The subject of airline staff conduct towards guests has dominated national headlines after images of IndiGo staff pushing a passenger, Rajiv Katyal, on October 15 on the tarmac of the Indira Gandhi International Airport in New Delhi went viral on Tuesday. Images in the social media have prompted questions about the nodal civil aviation ministry and private aviation companies laying down the rules of engagement between supposedly unruly ground staff and unsuspecting passengers, presumably tired and tense after a long day in office or business.
The key issue at stake here is whether there was any provocation from Katyal to receive the treatment he did. The answer seems to be no. But the point is even if there was, there are better ways to handle a difficult situation. From images on the social media, it appeared that the staff of IndiGo prevented Katyal from boarding a bus to the terminal from tarmac after he arrived from Chennai. And what’s worse, ganged up to pin him down. Another related clip has passengers expressing outrage, seeking “dos and don’ts” for airlines and their staff, who are trained to walk the extra-mile to extend hospitality.
IndiGo president Aditya Ghosh has offered an unequivocal apology to the victim for alleged acts of high handedness, in addition to suspending and terminating the services of a couple of employees, including the one who filmed the act. Should that suffice or should IndiGo be penalised further, attracting provisions from the Directorate General of Civil Aviation (DGCA).
Some have even suggested that the Delhi Police file a suo moto FIR against the IndiGo staff. It is pertinent to recall that in March this year, Osmanabad MP Ravindra Gaikwad was deplaned and the Federation of Private Airlines imposed a ban on his flying for over three weeks after the law maker hit an Air India (AI) official with his footwear. Just because he was not offered a first class seat on a flight from Pune to New Delhi, the AI official not just faced the choicest of abuses, but was also taken to task. The AI chief, civil aviation minister, the Delhi Police and the Parliament were worked up over this unsavoury behaviour of the elected MP. The aftermath of this incident led to drawing up guidelines for passenger behaviour and the right of airlines to not fly customers who do not stick to basic decency and decorum. The International Air Transport Association (IATA) had joined the battle, seeking relief for AI officials, who had faced Gaikwad’s wrath. Personnel of state-run Maharaja even threatened to strike unless Gaikwad apologised.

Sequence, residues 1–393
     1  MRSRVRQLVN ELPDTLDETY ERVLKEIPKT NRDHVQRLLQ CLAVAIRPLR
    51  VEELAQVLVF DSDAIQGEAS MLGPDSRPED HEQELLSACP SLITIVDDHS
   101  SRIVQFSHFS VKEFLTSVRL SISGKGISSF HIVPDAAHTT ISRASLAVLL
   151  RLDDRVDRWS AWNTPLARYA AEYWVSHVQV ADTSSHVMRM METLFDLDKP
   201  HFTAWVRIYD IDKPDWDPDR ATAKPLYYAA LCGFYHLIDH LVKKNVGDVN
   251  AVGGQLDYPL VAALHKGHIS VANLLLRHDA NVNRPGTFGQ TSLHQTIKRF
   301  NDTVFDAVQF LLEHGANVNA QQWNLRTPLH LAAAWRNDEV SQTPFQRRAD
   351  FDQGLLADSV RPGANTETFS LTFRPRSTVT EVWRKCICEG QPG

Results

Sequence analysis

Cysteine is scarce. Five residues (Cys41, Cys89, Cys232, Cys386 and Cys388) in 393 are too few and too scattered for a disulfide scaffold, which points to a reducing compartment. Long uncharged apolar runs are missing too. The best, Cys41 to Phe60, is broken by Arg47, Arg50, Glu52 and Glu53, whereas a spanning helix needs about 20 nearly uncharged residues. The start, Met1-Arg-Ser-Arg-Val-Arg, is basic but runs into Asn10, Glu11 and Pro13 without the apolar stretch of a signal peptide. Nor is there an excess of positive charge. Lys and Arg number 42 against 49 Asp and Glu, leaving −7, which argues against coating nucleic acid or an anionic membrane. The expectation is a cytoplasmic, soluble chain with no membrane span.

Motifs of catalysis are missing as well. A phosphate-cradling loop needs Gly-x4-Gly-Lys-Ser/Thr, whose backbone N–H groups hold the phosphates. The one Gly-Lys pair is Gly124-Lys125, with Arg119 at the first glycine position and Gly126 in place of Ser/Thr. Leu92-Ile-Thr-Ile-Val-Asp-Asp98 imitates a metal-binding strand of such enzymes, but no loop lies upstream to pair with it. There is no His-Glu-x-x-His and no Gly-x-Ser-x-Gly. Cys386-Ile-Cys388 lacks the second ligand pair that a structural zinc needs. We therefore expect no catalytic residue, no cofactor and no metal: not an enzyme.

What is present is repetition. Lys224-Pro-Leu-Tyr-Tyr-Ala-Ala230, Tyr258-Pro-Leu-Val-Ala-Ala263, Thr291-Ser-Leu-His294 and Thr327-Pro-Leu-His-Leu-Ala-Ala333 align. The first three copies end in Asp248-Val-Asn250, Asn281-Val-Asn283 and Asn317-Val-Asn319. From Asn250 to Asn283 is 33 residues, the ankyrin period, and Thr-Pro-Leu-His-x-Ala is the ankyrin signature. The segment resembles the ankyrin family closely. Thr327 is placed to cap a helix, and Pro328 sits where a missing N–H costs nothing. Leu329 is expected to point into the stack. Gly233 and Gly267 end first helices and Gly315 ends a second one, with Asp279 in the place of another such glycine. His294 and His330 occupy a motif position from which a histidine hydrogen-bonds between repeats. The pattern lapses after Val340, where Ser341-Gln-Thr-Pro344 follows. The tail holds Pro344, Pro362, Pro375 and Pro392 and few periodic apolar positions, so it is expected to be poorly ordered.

Well, the shoe is in the other foot now. Some critics have demanded that IndiGo airlines be banned from flying and taken off passenger routes as a punitive measure. Given that basic responsibility of ensuring air travellers safety is that of the airlines, IndiGo surely needs to be censured. The government and DGCA will have to come up with behavioural norms for airlines staff, as was done for passengers to ensure non-recurrence of such flare-ups.
Considering airlines’ passenger profile has undergone a big change and since air connectivity has gone regional and beyond state capitals, airlines will have to brace up for this rapid expansion. Even if the guests are uneducated farmers or workers, they cannot be treated any less, as aviation is a services industry. Finding innovative and sustainable solutions to aid the behaviour of aviation staff seems to be the big challenge for the airline industry.